The Northernmost Zoroastrian Fire Temple in the World


March 28, 2009

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Source: Sasanika, The History and Culture of Sassanians, UC Irvine School of Humanities

The Caucasus is a land of diverse population and beliefs. Today, Christians, Muslims, Jews, and Yazidis live in cities and villages in the valleys and gorges of the region. One religion that had a strong impact on ancient Armenia, Georgia, and the Republic of Azerbijan was Zoroastrianism. While the sources and views of Zoroastrianism are mainly from its homeland, Iran, Zoroastrianism also flourished in the Caucasus in conjunction with the local, native religions of the region.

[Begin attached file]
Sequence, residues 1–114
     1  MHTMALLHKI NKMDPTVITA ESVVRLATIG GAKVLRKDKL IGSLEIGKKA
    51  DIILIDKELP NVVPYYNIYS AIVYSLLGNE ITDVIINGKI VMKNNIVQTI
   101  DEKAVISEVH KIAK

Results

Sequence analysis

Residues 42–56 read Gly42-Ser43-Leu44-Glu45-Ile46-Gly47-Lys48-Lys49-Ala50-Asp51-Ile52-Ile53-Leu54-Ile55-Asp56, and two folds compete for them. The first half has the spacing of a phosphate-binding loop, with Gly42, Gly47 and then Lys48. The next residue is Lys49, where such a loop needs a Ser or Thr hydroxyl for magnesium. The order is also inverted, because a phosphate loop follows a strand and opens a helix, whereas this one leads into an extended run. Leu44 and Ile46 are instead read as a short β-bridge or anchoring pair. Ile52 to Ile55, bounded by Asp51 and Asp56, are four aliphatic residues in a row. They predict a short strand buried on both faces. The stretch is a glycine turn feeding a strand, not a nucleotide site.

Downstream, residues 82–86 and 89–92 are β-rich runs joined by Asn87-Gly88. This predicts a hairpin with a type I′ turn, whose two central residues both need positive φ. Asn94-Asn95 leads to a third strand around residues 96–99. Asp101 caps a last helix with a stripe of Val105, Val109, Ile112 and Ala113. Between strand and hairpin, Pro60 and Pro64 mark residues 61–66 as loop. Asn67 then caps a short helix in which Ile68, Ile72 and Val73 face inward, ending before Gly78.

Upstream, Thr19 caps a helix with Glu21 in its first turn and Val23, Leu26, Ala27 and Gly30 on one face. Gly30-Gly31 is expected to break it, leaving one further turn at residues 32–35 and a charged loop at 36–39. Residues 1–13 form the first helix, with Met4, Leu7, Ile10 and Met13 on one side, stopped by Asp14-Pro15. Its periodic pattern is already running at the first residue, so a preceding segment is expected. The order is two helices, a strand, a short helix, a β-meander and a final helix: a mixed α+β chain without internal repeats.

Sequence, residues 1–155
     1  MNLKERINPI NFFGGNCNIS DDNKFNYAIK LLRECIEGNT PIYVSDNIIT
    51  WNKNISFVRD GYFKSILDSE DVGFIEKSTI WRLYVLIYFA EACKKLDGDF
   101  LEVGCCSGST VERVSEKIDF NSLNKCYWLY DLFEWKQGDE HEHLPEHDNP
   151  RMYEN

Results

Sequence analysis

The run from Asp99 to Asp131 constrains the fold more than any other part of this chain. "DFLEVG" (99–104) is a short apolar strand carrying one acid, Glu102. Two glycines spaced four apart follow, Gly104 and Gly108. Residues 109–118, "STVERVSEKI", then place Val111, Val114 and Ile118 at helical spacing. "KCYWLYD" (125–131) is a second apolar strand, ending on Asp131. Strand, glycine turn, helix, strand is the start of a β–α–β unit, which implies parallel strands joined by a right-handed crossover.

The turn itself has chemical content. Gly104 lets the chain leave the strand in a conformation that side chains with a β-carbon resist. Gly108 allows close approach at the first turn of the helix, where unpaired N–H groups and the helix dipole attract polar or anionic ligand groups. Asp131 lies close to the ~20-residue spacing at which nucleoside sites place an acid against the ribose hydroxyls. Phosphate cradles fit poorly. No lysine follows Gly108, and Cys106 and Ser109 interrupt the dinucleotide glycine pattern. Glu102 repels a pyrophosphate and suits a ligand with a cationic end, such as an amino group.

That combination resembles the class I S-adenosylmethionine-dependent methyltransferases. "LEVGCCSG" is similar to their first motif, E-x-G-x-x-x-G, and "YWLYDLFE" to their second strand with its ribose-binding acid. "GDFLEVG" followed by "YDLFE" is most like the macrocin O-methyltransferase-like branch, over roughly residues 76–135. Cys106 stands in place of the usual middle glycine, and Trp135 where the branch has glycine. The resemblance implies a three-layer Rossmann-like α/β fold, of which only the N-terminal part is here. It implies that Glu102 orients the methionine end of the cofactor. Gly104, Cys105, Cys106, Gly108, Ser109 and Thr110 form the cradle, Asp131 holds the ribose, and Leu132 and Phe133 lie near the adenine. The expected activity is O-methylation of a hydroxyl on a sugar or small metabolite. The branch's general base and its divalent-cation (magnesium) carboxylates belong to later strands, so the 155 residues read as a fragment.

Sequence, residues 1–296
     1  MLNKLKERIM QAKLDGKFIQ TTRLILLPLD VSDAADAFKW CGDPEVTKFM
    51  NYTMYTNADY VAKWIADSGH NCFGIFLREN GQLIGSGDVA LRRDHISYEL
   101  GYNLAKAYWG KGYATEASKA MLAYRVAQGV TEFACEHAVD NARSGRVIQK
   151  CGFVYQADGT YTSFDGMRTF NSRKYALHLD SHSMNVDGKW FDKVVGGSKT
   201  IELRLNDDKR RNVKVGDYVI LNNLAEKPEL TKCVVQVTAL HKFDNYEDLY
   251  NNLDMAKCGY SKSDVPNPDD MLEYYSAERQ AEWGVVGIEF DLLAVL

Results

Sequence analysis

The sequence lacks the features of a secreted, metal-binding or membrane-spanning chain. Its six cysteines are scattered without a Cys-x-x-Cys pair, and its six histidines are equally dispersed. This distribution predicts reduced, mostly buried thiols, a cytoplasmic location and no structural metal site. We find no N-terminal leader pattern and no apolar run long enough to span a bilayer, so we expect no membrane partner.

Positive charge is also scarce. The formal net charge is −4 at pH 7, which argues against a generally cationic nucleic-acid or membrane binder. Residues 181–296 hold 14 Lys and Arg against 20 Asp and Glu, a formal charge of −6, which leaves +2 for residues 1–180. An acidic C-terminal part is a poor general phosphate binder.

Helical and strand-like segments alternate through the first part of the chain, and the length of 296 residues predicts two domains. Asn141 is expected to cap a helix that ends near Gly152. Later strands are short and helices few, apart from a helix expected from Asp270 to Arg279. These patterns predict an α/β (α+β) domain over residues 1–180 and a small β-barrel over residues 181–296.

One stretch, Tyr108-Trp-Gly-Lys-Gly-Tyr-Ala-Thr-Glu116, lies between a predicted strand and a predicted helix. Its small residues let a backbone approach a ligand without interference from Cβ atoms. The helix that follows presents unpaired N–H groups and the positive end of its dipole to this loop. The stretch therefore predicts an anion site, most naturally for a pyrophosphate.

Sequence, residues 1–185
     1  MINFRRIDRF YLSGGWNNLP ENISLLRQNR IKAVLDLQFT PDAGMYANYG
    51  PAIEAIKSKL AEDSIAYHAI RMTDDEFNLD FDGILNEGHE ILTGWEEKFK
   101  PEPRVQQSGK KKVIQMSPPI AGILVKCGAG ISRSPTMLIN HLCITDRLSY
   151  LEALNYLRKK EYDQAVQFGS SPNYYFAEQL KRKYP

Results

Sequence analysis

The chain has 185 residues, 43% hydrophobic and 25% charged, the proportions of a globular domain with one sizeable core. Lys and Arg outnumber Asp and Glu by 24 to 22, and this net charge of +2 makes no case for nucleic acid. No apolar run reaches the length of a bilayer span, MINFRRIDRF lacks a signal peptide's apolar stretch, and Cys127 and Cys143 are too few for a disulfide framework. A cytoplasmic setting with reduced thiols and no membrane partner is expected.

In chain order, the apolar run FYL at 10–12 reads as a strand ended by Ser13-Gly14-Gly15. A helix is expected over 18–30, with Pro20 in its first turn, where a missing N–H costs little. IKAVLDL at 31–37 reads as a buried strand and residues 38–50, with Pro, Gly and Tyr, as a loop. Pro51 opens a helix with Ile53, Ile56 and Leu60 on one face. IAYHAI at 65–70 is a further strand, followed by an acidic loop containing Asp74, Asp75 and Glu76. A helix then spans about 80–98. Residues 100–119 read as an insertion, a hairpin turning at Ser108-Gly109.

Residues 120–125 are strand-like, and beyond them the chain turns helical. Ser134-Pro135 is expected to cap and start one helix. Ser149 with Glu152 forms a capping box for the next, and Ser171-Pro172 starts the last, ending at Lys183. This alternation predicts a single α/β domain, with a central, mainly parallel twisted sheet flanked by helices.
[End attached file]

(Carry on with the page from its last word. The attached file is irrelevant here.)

Kartveli or Georgia was converted to Christianity in the fourth century CE. The traditional date given for this momentous event in the history of Georgia is 337 CE. According to Christian sources, King Mirian (Mihran) converted from “paganism,” but a closer look at the sources suggests that the king and the people of ancient Georgia were worshippers of Ohrmazd (Ahura Mazda). Legend has it that at night the shepherds in the region used to call on Armazi (Ahura Mazda) for help, and that people used to offer sacrifices to their god Armazi at a location near the “Bridge of the Magi.”[1]

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